The Great Pacific Garbage Patch, also described as the Pacific Trash Vortex, is a gyre of marine litter in the central North Pacific Ocean. More of a ‘plastic soup’ than a tangible mass the gyre stretches from the coastlines of California to the shores of Japan and extends over an area twice the size of the United States.
Much of this marine debris is made up of small pieces of plastic, broken down by the ocean’s currents – these small pieces of plastic are known as ‘nurdles’. Nurdles are around 4mm in diameter and represent an estimated 10% of all marine litter worldwide, their small size means they aren’t picked up by waste systems or beach cleaning tractors and being buoyant they float on the sea’s surface taking over a thousand years to biodegrade.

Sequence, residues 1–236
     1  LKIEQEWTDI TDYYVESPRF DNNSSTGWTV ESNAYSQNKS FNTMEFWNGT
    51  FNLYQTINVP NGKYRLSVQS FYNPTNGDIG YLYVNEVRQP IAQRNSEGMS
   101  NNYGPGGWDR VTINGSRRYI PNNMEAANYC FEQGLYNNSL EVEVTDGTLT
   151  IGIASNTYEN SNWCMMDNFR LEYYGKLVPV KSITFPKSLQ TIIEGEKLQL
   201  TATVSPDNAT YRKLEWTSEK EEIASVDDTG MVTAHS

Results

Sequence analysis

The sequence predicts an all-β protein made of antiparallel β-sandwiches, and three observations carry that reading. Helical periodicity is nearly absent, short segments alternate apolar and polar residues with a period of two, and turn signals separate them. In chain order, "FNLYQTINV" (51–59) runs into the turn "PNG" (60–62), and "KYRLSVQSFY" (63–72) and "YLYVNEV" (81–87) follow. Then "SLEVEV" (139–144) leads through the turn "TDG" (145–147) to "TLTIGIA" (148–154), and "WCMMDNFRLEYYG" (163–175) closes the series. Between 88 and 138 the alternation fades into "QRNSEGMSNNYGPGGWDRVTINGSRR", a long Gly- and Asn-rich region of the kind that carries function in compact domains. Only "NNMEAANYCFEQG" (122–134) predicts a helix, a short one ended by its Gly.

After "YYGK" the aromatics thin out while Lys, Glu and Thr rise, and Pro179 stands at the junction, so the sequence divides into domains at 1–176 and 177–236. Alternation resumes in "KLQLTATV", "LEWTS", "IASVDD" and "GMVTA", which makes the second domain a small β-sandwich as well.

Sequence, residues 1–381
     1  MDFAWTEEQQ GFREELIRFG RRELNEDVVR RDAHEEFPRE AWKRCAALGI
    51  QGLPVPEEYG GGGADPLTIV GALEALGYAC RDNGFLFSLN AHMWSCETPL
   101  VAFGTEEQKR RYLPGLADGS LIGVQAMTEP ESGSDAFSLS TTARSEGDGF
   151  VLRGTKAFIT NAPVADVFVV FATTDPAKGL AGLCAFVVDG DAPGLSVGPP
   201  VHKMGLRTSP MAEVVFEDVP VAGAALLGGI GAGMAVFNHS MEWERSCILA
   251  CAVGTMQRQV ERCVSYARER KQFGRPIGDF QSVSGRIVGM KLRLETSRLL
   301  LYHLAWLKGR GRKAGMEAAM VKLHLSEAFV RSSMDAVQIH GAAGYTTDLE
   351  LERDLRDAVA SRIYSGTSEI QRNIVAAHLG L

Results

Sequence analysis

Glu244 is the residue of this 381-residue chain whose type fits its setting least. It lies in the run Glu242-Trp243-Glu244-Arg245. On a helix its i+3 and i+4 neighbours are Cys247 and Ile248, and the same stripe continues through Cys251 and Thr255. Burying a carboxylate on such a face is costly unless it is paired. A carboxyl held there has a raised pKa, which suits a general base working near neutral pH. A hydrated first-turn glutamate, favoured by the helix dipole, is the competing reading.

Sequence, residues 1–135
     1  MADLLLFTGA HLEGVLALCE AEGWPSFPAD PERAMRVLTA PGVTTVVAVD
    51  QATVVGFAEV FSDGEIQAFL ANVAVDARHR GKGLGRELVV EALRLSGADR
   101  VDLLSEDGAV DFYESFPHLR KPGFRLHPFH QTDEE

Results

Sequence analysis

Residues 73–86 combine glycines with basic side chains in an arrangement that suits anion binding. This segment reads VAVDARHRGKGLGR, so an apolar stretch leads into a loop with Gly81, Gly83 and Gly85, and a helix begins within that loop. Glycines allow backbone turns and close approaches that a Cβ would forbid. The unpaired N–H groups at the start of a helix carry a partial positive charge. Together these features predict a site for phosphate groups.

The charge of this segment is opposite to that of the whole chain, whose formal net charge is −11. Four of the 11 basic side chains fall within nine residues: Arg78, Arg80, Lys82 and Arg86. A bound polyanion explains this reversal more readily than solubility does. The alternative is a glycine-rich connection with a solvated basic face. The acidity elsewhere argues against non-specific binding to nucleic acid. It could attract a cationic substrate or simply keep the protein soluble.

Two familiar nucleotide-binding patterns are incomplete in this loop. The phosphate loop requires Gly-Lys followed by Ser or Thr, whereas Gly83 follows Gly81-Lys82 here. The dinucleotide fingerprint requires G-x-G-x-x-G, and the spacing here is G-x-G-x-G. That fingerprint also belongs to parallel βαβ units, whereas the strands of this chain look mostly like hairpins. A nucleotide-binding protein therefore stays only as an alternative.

Not only are these nurdles littering almost every shoreline in the world but they also act as a sponge for harmful chemicals such as polychlorinated biphenyls (PCBs) in concentrations up to a million times greater than the surrounding seawater. Resembling fish eggs they enter the food chain raising the toxicity of our fish and slowing but surely causing hormonal changes in humans as a result.
As our society’s consumption grows, the concentration of this plastic soup is increasing and with it the urgency to address this issue. Sea plastic is not a problem that is confined to far off shores but is one that is very much present in the UK. A high concentration of plastic debris can be found across our shores, with Porthtowan in Cornwall being identified as the most polluted beach in our country for micro plastic.